Batman #682

Story by
Art by
Trevor Scott, Lee Garbett
Colors by
Guy Major
Letters by
Jared K. Fletcher
Cover by
DC Comics

Last week, the internet was crushed beneath its own weight of stunned disappointment. Conspiracy theories ran wild, no one was safely satisfied. "Batman" #681 landed with a tremendous shockwave. At the close of the issue, however, there was promise. Tucked beneath another DC Nation column was a fresh Alex Ross cover and the hope that next week, it might all be resolved. The Black Glove would be unmasked. Batman would be remasked.

Everything would be okay.

Unfortunately, I must tell the internet that, no, the first letter of the third word in every second dialogue balloon, when put together, do not spell D-A-N D-I-D-I-O M-A-D-E M-E C-H-A-N-G-E E-V-E-R-Y-T-H-I-N-G I A-M L-O-C-K-E-D I-N A B-A-S-E-M-E-N-T P-L-E-A-S-E S-E-N-D H-E-L-P. What we've gotten instead is, for all intents and purposes, a "Final Crisis" crossover.

But, wait, hold on. Don't run. "Final Crisis" is fantastic so far, remember? And "Last Rites" (as DC themselves are calling it, as there's no trace of the headline anywhere in the book's interior) does a wonderful and engaging job of filling in a lot of blanks that most of us probably had no idea needed filling in. It's kind of like Batman's "Superman: Beyond". (Which would make it "Batman: Beyond," which poses all sorts of problems, doesn't it?)

It's a well told encapsulation of Morrison's oft-stated desire to link Batman's entire history, as crazy as it's gotten, into one cohesive lifeline. But the story is not that simple, as I'm loathe to spoil, and everything that happens in it could easily be erased away by industrious future Batman writers. But Morrison is no stranger to creating perfect, stand alone superhero stories that had the misfortune of being told in titles with ongoing continuity. Like "New X-Men" lo those many years ago, "Batman R.I.P." is a fantastic story that works exceptionally well on its own that has then been linked to all sorts of other developments in satellite titles that it was probably never intended to.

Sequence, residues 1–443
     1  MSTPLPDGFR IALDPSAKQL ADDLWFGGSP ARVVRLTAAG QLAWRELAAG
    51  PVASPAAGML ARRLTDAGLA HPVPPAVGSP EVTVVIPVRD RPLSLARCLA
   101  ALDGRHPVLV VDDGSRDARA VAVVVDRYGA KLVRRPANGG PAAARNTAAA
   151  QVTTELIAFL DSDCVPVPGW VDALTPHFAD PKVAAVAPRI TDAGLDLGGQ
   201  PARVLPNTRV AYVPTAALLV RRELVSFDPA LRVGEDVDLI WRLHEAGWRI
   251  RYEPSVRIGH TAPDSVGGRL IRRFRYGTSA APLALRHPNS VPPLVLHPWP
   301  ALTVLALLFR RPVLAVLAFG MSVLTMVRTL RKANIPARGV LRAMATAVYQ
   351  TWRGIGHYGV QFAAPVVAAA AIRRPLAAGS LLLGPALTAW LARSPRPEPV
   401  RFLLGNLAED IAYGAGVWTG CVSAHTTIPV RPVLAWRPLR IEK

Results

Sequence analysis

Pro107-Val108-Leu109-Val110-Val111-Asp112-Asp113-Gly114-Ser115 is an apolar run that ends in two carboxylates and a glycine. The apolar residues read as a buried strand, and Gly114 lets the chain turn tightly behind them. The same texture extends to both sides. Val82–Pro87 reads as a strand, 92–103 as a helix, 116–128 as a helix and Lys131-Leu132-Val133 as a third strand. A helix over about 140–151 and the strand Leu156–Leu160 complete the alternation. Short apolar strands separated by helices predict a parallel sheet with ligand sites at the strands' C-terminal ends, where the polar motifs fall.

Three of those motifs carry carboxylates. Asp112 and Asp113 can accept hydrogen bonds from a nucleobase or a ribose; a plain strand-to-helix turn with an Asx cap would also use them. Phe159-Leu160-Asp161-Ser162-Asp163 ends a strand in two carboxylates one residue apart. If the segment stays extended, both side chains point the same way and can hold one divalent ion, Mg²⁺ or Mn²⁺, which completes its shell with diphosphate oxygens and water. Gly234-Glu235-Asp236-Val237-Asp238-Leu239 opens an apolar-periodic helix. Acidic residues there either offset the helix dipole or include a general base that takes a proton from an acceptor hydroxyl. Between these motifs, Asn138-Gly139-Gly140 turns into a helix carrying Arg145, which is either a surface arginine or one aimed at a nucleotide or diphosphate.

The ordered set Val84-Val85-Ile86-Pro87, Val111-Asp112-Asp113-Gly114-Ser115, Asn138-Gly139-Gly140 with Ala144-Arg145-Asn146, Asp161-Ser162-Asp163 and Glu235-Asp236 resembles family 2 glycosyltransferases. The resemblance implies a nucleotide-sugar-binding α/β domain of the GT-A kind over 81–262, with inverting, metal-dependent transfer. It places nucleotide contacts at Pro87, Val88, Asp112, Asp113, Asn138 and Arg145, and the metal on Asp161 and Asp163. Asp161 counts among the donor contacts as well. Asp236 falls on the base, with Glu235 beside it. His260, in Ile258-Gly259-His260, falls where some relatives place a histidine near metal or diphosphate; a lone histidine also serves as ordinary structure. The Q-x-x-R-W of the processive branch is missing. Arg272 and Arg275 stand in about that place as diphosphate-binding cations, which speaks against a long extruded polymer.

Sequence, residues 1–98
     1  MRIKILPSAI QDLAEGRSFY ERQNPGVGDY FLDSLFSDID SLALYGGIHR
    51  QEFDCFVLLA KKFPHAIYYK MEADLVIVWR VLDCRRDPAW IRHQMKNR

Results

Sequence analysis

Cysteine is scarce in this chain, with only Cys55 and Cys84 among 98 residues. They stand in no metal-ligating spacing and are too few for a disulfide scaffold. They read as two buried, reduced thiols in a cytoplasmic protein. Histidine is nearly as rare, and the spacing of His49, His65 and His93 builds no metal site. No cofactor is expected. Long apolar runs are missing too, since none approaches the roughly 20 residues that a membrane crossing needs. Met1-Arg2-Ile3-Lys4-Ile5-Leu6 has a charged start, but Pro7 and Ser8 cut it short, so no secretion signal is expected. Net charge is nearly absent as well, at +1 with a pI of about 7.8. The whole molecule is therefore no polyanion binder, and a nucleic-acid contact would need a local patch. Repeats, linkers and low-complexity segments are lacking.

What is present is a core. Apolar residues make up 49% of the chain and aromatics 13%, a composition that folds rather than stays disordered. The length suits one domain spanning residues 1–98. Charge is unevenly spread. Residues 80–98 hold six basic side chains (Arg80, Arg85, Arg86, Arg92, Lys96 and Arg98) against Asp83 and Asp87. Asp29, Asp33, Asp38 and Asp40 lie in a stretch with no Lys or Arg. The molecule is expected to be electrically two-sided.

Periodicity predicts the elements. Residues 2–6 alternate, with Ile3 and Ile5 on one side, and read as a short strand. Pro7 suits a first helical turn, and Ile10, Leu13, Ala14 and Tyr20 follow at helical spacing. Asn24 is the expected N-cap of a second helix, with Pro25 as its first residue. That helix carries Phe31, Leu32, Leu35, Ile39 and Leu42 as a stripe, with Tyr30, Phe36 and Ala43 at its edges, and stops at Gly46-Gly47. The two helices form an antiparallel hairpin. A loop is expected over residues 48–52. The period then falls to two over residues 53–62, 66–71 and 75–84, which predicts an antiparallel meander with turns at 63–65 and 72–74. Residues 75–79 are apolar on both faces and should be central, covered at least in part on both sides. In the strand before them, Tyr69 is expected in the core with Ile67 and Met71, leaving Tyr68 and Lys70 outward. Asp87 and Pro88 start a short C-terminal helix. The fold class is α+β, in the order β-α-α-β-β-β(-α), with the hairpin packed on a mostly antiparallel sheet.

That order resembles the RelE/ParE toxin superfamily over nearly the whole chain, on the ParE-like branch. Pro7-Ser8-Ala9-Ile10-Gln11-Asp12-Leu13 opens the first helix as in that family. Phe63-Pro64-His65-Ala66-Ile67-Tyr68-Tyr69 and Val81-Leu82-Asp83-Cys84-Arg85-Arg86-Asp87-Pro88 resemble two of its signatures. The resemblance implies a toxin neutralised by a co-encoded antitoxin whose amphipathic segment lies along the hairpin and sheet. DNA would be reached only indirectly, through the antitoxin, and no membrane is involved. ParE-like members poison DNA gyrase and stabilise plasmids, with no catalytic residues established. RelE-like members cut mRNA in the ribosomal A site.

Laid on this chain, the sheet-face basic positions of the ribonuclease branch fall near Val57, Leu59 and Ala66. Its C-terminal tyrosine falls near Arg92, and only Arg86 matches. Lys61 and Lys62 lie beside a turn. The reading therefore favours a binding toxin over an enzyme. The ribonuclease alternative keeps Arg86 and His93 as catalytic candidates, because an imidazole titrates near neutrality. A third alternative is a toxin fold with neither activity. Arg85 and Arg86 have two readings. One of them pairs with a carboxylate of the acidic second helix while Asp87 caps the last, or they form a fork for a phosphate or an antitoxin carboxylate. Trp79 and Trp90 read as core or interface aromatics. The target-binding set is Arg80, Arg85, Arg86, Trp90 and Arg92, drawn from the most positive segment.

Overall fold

This is why a "Final Crisis" crossover, more than one with "Robin" or "Nightwing," makes the most thematic sense. In many ways, "R.I.P." did the same thing to "Batman" that "Final Crisis" did to the DC Universe. Sent it through the worst, toughest ringer possible, and then have the good guys pull out the win like it was the most inevitable thing in the world. And everybody cheers.

While there are few direct connections with "R.I.P.," the mood hasn't skipped a beat. Tony Daniel is sitting this one out, but Lee Garbett, his temporary replacement, certainly doesn't stray very far from that established style. The result is perfectly readable, but one wishes there was a bit more dynamism to replicate the many shifts in tone that Morrison illustrates in Batman's career.

One never knows how all this will shake out once both "R.I.P." and "Final Crisis" are finished (sometime during the tail end of the Obama administration, one surmises), but right now, it's hard to find disappointment in such a fascinating take on the most psychological of superheroes.

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